Medium-long forms of the periodic table with element colors.

A limited search for a periodic table with the colors of the elements has not yet located a table of this type. However, Theodore Gray has produced many wonderful tables including one with images of authentic samples of the elements ( ) and a commercially available model that contains sample of most of the elements ( ). While the tables below are not nearly as fascinating or interesting as Gray's tables, the tables below have been designed to enable viewers to focus on the property of color. Most of the colors have been extracted from primarily because it often included a two word description of the color. Other sites referred to were Theodore Gray's and Mark Winter's . For some elements, the colors listed on Internet sites are not always in agreement. Rene Vernon, the author of a paper on metalloids, has contributed valuable comments about the colors of boron, phosphorus, iodine, cesium and astatine. Some of these color issues are because the most stable allotrope (e.g., phosphorus) is not always the most abundant allotrope.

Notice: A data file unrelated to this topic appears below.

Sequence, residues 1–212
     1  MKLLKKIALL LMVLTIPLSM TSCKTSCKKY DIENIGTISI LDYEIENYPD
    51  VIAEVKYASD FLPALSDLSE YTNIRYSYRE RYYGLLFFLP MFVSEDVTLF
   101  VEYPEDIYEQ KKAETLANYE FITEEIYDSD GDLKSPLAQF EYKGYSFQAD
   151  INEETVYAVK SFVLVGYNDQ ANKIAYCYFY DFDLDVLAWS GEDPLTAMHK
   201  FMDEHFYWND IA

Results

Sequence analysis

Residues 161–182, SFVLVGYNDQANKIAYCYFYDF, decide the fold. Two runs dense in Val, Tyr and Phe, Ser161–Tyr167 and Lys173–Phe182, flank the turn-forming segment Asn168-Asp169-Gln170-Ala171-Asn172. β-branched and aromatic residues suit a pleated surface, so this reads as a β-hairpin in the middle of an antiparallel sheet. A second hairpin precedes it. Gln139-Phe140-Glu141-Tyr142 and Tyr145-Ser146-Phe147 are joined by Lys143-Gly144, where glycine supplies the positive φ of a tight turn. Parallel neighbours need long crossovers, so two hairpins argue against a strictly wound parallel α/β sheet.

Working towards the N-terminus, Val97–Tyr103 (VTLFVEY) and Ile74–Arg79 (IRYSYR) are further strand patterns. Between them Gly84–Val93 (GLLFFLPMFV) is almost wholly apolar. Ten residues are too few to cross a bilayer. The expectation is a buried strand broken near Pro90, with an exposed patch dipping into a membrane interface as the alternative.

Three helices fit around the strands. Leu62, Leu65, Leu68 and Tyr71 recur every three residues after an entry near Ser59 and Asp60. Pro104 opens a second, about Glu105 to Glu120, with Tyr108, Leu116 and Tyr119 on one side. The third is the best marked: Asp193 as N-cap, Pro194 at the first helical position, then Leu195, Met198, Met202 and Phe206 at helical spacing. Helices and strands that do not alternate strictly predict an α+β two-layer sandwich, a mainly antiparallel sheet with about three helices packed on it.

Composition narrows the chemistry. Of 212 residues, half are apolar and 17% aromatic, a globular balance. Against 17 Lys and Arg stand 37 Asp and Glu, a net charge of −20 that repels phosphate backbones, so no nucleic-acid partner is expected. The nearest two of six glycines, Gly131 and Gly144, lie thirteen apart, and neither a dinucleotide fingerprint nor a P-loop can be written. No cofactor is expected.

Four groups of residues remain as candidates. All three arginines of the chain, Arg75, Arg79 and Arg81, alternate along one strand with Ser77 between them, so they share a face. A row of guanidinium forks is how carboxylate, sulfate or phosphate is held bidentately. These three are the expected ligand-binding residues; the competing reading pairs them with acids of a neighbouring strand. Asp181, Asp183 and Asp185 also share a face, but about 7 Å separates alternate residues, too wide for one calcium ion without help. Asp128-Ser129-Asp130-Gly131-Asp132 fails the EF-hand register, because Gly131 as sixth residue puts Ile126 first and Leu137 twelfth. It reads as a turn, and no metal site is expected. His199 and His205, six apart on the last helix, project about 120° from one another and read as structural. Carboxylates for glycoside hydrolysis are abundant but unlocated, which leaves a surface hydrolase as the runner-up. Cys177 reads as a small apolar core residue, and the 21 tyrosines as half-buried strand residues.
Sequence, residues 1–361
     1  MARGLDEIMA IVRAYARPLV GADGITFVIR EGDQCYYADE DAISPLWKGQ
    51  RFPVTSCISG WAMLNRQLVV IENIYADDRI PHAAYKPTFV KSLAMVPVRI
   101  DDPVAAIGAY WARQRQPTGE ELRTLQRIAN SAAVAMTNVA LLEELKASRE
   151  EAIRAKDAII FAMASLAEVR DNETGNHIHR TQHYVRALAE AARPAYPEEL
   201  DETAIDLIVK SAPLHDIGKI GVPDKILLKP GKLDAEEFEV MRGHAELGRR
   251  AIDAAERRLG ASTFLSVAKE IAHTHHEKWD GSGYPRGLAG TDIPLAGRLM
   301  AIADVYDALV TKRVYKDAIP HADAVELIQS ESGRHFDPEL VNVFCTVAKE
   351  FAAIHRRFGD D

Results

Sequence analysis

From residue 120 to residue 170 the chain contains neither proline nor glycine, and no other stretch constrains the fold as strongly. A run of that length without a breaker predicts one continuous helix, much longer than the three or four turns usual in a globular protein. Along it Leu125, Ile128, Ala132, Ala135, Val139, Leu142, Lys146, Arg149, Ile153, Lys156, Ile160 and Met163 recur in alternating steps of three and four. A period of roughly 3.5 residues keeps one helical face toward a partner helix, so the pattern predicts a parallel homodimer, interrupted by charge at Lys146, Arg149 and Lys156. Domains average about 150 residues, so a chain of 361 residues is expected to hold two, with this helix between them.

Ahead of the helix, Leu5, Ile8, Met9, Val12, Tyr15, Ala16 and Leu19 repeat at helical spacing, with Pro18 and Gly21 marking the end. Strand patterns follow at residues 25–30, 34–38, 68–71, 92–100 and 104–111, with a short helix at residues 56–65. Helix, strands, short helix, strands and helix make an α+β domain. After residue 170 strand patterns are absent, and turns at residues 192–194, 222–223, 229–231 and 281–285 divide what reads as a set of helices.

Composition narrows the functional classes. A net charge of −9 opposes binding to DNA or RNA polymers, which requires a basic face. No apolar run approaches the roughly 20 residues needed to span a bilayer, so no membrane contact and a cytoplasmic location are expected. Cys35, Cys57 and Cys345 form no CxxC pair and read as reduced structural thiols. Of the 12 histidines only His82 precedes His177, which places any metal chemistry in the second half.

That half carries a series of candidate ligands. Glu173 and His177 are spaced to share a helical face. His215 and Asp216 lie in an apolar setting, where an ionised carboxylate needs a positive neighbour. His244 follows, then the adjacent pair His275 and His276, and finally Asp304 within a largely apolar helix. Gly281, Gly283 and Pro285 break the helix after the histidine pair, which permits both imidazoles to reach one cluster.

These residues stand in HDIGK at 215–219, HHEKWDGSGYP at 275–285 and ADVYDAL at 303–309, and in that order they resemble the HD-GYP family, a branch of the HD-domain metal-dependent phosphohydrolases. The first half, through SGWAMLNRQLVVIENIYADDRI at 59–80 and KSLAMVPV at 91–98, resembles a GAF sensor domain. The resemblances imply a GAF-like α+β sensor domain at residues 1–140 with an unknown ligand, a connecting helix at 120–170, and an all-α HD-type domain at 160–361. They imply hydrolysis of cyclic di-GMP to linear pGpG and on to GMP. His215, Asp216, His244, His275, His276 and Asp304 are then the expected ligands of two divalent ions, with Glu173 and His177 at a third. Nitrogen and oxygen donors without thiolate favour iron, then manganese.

boron - the most stable allotrope of boron is the beta rhombohedral crystalline state. Colors reported for this state range from shiny silver-grey to grey to dark to black. It is represented as dark grey in the table.

phosphorus - the most stable allotrope is black but the most common form is described as white to pale yellow. A very light yellow has been used below with a black insert.

iodine - while silver is sometimes mentioned, the overwhelming consensus is that iodine crystals are in the violet or purple range.

astatine - although astatine has been observed, due to its transient existence, it has apparently not been possible to determine its color. Some web sites conclude that it should have some metallic properties and as a result have a silvery color. Other web sites suggest as progression is made down group 7A (17), the color continuously darkens with a presumption that astatine should be near black. It is left in these tables as unknown like francium and the elements with atomic numbers above 99.

The tables above have been designed to contain elements colored to resemble the actual colors of the elements.  The periodic tables with element colors can also be found at several web sites:

Please send comments and suggestions to Steve Murov,

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